“This NSW side is the best ever if they win tonight,” Geyer’s mate reckoned.
What made it weird was that he was a Queenslander.
Word out of the NRL Mothership is a call will be made in two weeks about 12 relocated clubs staying put in Queensland for the remainder of the season – or coming home.
Dragons players and staff at Sydney airport during the week to board a flight to Queensland.Credit:Brook Mitchell
There are, from Friday, 79 days until the grand final and the NRL will weigh up the risk of returning to Sydney only to again flee NSW if there’s another outbreak.
The total daily case number isn’t the one head office is keeping its eye on, but community transmissions.
Relocating a dozen teams to mini “NRL cities” will cost the NRL a whopping $12 million per month.
That’s why you can bet it will sell the grand final to the highest bidder if the competition doesn’t return to Sydney, desperate to make up some of the losses.
The price is right
An amazing thing has happened this past week: I watched two games of rugby and they were entertaining.
The absolute fireball of a match between the All Blacks and Fiji in Dunedin on Saturday was absorbing and emotional with Fijian players huddled in a circle and singing the national anthem after full-time. Beautiful stuff.
Then came the crazy match between the Wallabies and France on Tuesday, with both teams chaotically throwing the ball about, often by mistake to each other.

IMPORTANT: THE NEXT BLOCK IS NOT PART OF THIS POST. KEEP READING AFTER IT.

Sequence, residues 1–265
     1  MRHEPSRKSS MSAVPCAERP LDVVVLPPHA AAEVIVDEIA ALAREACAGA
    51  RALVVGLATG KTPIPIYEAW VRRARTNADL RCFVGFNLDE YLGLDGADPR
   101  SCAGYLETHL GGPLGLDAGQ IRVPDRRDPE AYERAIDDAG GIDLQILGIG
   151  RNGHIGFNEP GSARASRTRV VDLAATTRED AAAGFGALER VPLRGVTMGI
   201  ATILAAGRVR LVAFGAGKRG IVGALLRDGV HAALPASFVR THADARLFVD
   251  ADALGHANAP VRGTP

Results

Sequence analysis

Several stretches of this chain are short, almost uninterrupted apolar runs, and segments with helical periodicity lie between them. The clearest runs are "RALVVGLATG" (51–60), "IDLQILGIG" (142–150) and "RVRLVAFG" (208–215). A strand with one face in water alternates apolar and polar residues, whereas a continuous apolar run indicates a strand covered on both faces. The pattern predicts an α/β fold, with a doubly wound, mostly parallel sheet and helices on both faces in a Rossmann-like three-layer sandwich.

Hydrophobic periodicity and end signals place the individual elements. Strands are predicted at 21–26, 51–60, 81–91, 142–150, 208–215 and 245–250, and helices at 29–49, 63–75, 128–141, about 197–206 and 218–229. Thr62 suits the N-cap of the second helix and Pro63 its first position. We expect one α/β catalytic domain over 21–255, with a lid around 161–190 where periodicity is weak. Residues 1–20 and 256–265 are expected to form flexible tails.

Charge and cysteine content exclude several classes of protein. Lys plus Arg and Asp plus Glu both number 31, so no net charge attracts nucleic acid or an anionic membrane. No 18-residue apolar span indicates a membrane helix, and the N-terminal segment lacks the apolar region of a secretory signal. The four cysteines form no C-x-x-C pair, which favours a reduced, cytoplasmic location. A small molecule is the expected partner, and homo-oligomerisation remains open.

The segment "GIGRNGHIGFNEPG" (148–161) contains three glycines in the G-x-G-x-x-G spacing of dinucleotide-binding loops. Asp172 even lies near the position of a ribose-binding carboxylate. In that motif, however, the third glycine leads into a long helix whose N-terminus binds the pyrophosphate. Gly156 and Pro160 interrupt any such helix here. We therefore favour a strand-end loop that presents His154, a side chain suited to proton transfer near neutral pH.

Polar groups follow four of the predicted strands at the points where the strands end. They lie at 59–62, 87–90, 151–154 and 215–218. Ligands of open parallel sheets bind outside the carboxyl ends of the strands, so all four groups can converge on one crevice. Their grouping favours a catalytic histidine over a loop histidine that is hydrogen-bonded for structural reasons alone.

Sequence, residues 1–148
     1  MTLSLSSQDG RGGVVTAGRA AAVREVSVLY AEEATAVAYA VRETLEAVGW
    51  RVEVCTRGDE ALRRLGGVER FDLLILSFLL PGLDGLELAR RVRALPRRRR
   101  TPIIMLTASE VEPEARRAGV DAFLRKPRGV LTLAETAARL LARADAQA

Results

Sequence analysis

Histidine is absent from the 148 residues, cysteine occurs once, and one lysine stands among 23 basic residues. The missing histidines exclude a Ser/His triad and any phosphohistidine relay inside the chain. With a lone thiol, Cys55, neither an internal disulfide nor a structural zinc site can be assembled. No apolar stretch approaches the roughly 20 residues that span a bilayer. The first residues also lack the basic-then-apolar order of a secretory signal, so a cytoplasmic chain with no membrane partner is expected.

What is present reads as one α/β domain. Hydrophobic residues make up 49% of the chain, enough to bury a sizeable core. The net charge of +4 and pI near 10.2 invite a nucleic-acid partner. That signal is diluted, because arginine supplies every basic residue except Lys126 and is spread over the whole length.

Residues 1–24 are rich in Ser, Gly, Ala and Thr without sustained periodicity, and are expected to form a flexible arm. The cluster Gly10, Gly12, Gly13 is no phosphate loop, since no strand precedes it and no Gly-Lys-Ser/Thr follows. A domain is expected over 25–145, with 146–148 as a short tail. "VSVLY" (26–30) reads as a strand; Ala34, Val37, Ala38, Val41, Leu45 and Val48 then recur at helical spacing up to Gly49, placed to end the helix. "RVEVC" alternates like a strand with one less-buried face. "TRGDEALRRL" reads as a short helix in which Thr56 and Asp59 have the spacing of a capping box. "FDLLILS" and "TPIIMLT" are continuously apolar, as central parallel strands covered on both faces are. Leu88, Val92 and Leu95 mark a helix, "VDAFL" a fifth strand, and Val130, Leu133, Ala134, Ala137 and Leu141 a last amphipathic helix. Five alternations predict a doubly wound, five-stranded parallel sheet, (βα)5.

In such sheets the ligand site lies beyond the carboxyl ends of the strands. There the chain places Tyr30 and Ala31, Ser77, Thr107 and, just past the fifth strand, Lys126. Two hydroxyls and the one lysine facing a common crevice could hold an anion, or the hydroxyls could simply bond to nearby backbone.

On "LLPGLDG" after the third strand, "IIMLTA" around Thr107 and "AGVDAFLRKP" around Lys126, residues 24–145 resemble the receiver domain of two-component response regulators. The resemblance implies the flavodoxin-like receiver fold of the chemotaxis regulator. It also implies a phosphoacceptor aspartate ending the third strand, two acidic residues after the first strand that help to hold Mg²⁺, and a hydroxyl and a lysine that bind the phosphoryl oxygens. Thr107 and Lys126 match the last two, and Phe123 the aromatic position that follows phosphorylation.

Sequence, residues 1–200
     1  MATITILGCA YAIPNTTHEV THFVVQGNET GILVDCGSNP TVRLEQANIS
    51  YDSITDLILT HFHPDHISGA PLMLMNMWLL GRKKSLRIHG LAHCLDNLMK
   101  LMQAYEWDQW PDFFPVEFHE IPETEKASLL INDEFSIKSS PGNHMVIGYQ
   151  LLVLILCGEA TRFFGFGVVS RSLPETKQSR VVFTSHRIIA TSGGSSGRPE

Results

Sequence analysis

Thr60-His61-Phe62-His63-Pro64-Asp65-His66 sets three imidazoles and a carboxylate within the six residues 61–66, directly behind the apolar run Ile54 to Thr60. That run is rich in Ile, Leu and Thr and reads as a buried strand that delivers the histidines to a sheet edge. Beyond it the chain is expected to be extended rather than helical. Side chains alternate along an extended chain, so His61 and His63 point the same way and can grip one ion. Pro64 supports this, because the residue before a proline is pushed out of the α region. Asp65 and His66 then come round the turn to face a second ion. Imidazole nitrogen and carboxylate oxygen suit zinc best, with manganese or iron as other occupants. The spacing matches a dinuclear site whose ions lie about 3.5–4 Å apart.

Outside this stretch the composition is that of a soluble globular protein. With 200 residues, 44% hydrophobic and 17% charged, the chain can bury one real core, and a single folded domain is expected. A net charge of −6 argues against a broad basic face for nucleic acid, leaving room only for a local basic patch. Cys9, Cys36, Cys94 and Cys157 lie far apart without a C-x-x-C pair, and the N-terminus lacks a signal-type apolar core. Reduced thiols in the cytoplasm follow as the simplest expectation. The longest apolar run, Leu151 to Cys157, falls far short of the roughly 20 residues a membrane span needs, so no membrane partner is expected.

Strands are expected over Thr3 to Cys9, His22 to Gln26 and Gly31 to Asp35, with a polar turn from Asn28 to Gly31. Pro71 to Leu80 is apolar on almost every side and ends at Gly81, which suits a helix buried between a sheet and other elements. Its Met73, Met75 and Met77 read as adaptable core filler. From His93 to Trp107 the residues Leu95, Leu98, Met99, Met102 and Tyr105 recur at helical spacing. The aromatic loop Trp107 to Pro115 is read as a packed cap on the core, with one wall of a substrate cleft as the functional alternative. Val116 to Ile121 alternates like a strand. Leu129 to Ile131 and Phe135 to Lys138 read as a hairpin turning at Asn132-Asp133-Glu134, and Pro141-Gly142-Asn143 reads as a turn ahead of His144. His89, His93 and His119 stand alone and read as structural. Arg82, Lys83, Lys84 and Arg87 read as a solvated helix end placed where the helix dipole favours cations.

The star was former Storm winger Marika Koroibete. He’s off to Japanese club Panasonic Wild Knights, who are coached by former Wallabies mentor Robbie Deans.
The price tag? Forget reports it’s around $1m a year. I’m informed it’s closer to $1.5m a year, although the length of the deal is yet to be revealed.
That is jaw-dropping money that would easily make him one of the highest-paid rugby players in the world.
Koroibete once told me he was cranky he didn’t get a sling when Wests Tigers teammates named a racehorse in his honour.
I think he’s got it covered.
My beloved colleague and third-person hunter Peter FitzSimons loathes betting so I’m going to annoy him by saying he’s $1.04 in early markets to quote West Indies blaster Chris Gayle in his Saturday column.
I’m also going to annoy him by getting in first.
Fitz has a penchant for exposing sportspeople who refer to themselves in third person. After scoring 67 from just 38 balls in his side Twenty20 international victory over Australia earlier in the week, Gayle broke the world record for third-person references.
“Chris Gayle not getting the runs, soon to be 42, you guys should be happy to see Chris Gayle on the field still. Hopefully Chris will last as long as possible. Cherish those moments. Commentators, don’t put no stats about Chris Gayle not scoring a half century. Just respect the ‘Universe Boss’ playing some cricket and having some fun. Enjoy the moment with Chris Gayle.”
So there you go. Chris Gayle speaking about his favourite subject: Chris Gayle.
“It’s another entry in England’s catalogue of unfulfilled expectations.” – The incomparable football commentator Martin Tyler finds the perfect words, as always, in the aftermath of England’s penalty shootout loss to Italy in the Euro 2020 final.
There ain’t no party like an Ash Barty Party. That is all.
If the IOC was having a hard time convincing the good people of Tokyo it’s OK to host a major event during a pandemic, president Thomas Bach didn’t help with this: “Our common target is a safe and secure Games. For everybody, for the athletes, for all the delegations, and most importantly also for the Chinese people … Japanese people.”
It’s a big weekend for …
The Dragons, who will shake off the COVID breach blues and rip into Manly at Cbus Super Stadium on Friday night, sans a few sacked and suspended players.
It’s an even bigger weekend for …
The 11 Australians contesting the 149th British Open at Royal St George’s Golf Club. It’s been 28 years since one has claimed the Claret Jug so it’s time they channelled their inner-Barty and got it done.